The higher we went, the more Eddy and Udo seemed to bond. We approached the dirt track that split the face of the vineyard in two. The conversation turned to me. How could I leave such a beautiful place? Eddy asked. I began to detail my affair with an American opera singer who had come to Trier the summer of 1986. I had left a beautiful German working girl, Monika, to take up with the opera singer. I followed her back to Kansas City, where I faced the greatest disappointment of my life. Not only did the opera singer have what she considered a summer fling, but she had given no thought to me and the fact I was coming back to my hometown just to be with her.
I would return to Germany to try my hand at school, but the energy of my vineyard dream had died with the failed love affair.
“You know,” Eddy said, “you’ve been talking about the opera singer and she doesn’t have a name. You speak of her more like you would an earthquake. She’s something that happened, rather than a person.”
“Yes,” Udo said, “I’d met her all those years ago but I can’t remember her name.”
“She had a name and she was like an earthquake or hurricane,” I said. “She rumbled in, changed my life, and then moved on, leaving me disappointed in myself and bereft of what I once held so dear. It wasn’t her fault. I was young and dumb.”
“We’ve all had earthquakes,” Eddy said. “Some are more devastating than others. What about the other woman, this Monika?”
“I still miss Monika,” I said. “I kept up with her for a while. When I visited Germany in 1993, I met her for ice cream in the square in Trier. She was more beautiful than I remember. I told her I’d loved her but was distracted from what was important.
“I didn’t tell her this, but I was 23, you know, and the opera singer was the most erotic and sexual creature I ever met. That was pretty powerful and overwhelmed what I felt for Monika. I still miss her. Sometimes I dream about her, green eyes and wonderfully gentle manner. She was delicate but strong enough to do the hard work in the vineyard. I still wonder if she thinks of me.”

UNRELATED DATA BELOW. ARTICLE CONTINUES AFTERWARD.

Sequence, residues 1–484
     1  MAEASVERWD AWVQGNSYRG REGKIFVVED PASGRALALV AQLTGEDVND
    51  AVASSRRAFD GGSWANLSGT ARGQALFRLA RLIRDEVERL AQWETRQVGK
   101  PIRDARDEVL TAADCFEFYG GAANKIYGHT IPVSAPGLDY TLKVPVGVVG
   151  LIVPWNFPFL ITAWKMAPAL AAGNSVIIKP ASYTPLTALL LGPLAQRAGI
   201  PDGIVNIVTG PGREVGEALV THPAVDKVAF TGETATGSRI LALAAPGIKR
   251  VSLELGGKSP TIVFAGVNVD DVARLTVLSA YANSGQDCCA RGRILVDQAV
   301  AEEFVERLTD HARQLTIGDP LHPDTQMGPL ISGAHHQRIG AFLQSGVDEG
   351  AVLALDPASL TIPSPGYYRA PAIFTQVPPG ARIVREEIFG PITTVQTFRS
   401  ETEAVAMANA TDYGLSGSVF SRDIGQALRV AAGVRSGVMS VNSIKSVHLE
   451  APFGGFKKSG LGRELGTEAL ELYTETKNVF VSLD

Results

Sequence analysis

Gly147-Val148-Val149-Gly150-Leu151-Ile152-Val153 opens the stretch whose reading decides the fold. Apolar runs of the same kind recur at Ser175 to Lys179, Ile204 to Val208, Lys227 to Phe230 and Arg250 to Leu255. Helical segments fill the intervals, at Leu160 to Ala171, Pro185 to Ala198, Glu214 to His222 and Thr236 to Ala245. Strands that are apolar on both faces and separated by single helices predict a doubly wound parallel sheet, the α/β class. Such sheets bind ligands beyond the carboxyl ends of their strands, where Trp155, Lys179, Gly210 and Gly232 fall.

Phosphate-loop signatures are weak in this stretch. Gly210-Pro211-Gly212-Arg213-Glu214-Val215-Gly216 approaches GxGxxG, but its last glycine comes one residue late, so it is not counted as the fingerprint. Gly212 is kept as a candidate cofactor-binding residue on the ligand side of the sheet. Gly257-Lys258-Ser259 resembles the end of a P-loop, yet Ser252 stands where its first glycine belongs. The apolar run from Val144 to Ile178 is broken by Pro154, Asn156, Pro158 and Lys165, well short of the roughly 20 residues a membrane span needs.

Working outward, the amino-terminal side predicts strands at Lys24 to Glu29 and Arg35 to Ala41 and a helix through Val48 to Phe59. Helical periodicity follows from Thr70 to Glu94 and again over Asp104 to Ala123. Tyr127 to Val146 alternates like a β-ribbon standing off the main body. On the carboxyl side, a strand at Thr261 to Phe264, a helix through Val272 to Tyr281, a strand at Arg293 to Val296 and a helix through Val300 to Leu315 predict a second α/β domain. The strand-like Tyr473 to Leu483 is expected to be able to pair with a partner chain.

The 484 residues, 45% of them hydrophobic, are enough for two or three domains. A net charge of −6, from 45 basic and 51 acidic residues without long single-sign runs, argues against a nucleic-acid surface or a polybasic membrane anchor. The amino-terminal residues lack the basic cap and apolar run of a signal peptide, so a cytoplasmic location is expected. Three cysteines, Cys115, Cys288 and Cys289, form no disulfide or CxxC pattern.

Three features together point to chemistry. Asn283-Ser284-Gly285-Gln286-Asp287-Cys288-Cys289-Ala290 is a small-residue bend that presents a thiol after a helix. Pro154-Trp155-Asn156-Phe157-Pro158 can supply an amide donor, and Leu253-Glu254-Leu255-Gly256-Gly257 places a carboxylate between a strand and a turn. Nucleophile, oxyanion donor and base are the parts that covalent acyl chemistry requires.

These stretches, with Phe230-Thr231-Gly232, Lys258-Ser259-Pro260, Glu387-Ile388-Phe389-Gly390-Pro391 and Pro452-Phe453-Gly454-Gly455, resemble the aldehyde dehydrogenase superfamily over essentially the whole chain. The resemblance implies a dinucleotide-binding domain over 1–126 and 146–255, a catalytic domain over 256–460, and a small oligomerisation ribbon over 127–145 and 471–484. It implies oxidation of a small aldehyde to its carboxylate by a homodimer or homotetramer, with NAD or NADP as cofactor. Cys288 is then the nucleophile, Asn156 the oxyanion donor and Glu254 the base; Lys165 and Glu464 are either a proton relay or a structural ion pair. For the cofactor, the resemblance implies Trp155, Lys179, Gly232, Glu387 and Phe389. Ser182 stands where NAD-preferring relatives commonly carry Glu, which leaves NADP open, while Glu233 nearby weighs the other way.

“She does,” Eddy said. “She probably thought of you just recently. You never know what kind of influence you’ve had on someone, and you are a pretty influential kind of guy.”
The thought intrigued me. I’ve never felt myself as consequential.
“Have you thought about finding her again?” Udo asked. “It might be an interesting friendship.”
“I have done the internet searches,” I said. “Every man who’s been jilted or broke his own heart’s done that kind of work. But she’s not the kind of person who’d have an internet presence. I’ve found nothing.”
“You shouldn’t stop,” Eddy said. “Like Udo, I think it would be a friendship worth pursuing. Maybe you have it wrong. Maybe Monika was your earthquake.”
We reached the summit of the hill. The valley spread before us in hues of green. The brown and black tile roofs of the houses snaked along the villages two main streets, one hugging the hill and the other taking off toward the other side of the valley. There were some women working in the vineyard, pulling the young shoots off the base of the vines. They spoke a variety of languages, none of which were German.
“I can certainly see why you used to come up here,” Udo said. He took a deep breath and stared out over the valley. “The view is magnificent.”
“Yeah, this is something to be proud of,” Eddy said. “It’s a great place to think things over, like earthquakes. I’m thinking of one of my many right now.”
“Where would we be without earthquakes or hurricanes?” Udo said.
“Or tornadoes,” I said.
“Oh, there are those too,” Eddy said, turning to the fantastic view before us.
“Then we move on to other earthquakes, hurricanes, and tornadoes,” Udo said. We were thoughtful. A cuckoo echoed in the forest above us. “We always move on to face more.”